SHOTZ! Shotz! Shotz, shotz, shotz, SHOTZ!

Sorry, that was the first thing that came to mind when I read multimedia artist Alyson Shotz’s name at the Phillips Collection. But seeing her mathematically precise yarn drawings, “Ecliptic,”  in vibrant colors kind of does create an urge to party…

I first saw “Ecliptic” at last week’s monthly Phillips After 5 (PA5) celebration. It wasn’t a particularly memorable PA5 mostly because Maura and I arrived a bit tardy so the crowd had gobbled up all the Japanese-inspired food. There weren’t any special performances unlike PA5 months ago that featured the Washington Ballet. (Read my post here.) As we were heading out of the Phillips, we saw these large works decorating a corner. You had better appreciate my close-up because the gallery assistant reprimanded me for getting too close to the artwork! Shotz’s large-scale ”drawings” mesmerize the viewer. Choosing to use many hundreds of nails hammered into the wall and yards of yarn, Shotz ignores the usual drawing utensils such as pencil and paper. She engages the space of a room and makes you aware of your spatial relationship.

Shotz is an American artist based in Brooklyn. She is a Rhode Island School of Design (RISD) graduate, and her installations have been on view in the Guggenheim museum. Her work reflects her interest in science and planetary systems. When you are studying her finished pieces at the Phillips, you will be surprised at how intricate they are! I was taken aback when I realized that a seemingly gray drawing was actually made up of white yarn. The shapes and shadows play tricks on your eyes, and Shotz is known for manipulation of perception. I really wanted to touch her work (of course, that’s definitely not allowed in any museum or gallery), but I think my photo captures the texture of Ecliptic.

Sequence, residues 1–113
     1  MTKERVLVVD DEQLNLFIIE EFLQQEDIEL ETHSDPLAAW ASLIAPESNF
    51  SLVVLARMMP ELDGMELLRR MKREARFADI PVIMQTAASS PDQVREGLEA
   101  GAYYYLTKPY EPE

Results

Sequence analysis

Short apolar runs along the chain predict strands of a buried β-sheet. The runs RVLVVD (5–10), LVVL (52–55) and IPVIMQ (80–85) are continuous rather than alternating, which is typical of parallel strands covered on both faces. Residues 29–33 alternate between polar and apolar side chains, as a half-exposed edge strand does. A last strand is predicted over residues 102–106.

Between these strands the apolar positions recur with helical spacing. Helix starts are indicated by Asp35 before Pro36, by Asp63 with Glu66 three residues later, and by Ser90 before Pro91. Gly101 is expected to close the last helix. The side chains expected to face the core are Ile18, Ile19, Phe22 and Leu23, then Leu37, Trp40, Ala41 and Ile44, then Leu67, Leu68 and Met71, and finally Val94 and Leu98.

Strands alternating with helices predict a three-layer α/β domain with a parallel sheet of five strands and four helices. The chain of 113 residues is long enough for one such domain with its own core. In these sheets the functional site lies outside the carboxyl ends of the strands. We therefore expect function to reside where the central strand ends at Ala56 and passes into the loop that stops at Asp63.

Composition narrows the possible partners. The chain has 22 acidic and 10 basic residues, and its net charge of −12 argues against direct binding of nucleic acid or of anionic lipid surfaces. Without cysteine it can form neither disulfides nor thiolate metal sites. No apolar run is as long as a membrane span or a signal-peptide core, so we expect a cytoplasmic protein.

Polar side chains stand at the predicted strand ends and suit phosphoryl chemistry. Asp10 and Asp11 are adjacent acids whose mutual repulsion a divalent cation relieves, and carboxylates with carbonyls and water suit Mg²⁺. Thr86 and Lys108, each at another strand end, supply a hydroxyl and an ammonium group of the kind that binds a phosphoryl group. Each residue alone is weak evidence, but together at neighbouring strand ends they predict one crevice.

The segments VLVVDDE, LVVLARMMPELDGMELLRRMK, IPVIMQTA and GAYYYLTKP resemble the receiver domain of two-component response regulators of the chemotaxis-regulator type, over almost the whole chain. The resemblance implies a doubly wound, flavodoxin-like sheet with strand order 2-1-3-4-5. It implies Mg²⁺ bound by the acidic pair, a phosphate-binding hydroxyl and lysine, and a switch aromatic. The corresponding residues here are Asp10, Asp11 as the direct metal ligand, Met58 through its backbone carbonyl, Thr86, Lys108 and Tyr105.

The installation at the Phillips is part of a larger curatorial program, Intersections Art Projects, which features and promotes contemporary artists.



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